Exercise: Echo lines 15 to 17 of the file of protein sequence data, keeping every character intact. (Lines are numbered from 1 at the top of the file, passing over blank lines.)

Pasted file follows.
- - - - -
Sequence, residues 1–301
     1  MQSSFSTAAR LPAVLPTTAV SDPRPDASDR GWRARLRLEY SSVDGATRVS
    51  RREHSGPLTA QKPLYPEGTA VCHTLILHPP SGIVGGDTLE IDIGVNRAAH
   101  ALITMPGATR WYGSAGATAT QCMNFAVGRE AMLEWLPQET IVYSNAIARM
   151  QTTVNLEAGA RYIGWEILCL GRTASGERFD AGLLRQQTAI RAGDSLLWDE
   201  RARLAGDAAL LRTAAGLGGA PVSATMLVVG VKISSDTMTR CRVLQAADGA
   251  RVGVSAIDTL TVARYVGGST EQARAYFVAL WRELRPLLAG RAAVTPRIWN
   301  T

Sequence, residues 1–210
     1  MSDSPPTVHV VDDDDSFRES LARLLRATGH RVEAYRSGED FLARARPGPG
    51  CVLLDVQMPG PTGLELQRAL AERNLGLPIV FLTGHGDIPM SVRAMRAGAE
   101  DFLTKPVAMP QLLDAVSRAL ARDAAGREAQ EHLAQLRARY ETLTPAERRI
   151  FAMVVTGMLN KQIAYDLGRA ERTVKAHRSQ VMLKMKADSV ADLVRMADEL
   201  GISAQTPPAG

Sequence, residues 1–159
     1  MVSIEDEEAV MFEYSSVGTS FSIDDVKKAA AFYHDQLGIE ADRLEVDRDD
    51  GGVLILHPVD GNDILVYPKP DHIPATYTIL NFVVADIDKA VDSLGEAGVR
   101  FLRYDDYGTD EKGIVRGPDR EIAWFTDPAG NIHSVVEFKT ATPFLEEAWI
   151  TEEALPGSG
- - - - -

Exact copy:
Sequence, residues 1–159
     1  MVSIEDEEAV MFEYSSVGTS FSIDDVKKAA AFYHDQLGIE ADRLEVDRDD
    51  GGVLILHPVD GNDILVYPKP DHIPATYTIL NFVVADIDKA VDSLGEAGVR